The Royal National Institute of Blind People (RNIB), the leading UK charity working for blind and partially sighted people, is launching a direct marketing campaign featuring characters from well-known children’s books, including The Gruffalo.
The campaign was created by integrated agency Kitcatt Nohr Alexander Shaw and rolls out this month. Kitcatt Nohr was briefed to create a direct marketing campaign to raise funds for RNIB in the run up to Christmas. Donations generated by the campaign will help RNIB provide Talking Books for children with sight loss. The campaign targets existing and prospective RNIB donors.
The campaign aims to demonstrate how important it is that all children are able to enjoy the written word. RNIB Talking Books allow children with sight loss to experience the magic of reading. It follows on from other integrated brand work RNIB have undertaken to celebrate the 75th anniversary of the Talking Book Service. The outer of the direct mail pack shows an illustration from The Gruffalo with the character of the Gruffalo removed. It carries the line “No Gruffalo – oh no!”.
Inside, a letter explains that while some children will never get to see the Gruffalo, he can be brought to life in their imagination using RNIB Talking Books. A booklet contains images of other well-known books with their characters removed, including Alice from Alice’s Adventures in Wonderland and Tiny Tim from A Christmas Carol, and includes a testimonial from Ruth, aged 10, about how much she enjoys listening to talking books.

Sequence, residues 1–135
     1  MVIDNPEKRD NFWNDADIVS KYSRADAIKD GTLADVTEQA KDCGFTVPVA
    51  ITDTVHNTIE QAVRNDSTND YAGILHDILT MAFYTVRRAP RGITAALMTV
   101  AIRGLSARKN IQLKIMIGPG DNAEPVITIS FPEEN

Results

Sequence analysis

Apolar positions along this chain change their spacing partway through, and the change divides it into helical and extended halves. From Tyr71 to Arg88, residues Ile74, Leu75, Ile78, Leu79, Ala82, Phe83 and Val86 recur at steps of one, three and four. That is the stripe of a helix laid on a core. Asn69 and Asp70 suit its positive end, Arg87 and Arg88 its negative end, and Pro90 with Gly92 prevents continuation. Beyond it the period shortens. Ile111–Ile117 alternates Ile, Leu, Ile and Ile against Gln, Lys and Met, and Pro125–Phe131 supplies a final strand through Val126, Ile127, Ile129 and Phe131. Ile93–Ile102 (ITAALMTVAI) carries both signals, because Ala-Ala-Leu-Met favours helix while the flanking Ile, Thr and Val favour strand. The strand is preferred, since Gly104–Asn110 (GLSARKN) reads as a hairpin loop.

It costs around £4 million a year to run the RNIB Talking Book Service, and it can cost up to £2,500 to record a single Talking Book. Recipients of Kitcatt Nohr’s mail pack are asked to donate £10 to help fund the RNIB Talking Book Service and help children with sight loss to enjoy the pleasure of reading.
There are almost two million people with sight problems in the UK and it is predicted that by 2050 the numbers of people with sight loss will double to nearly 4 million. RNIB provides advice, support and practical products and services to help people live with sight loss. They offer a wide range of high quality, practical services and a lot of expertise.
They also campaign to improve the rights of blind and partially sighted people. Commenting on the campaign, Steve Greenberg, Head of Donor Development at RNIB said; “RNIB Talking Books can have a huge impact on a blind or partially sighted child’s life. We hope that Kitcatt Nohr’s highly creative campaign will help us to ensure we continue our RNIB Talking Book Service, so that many more children can enjoy the magic of reading.”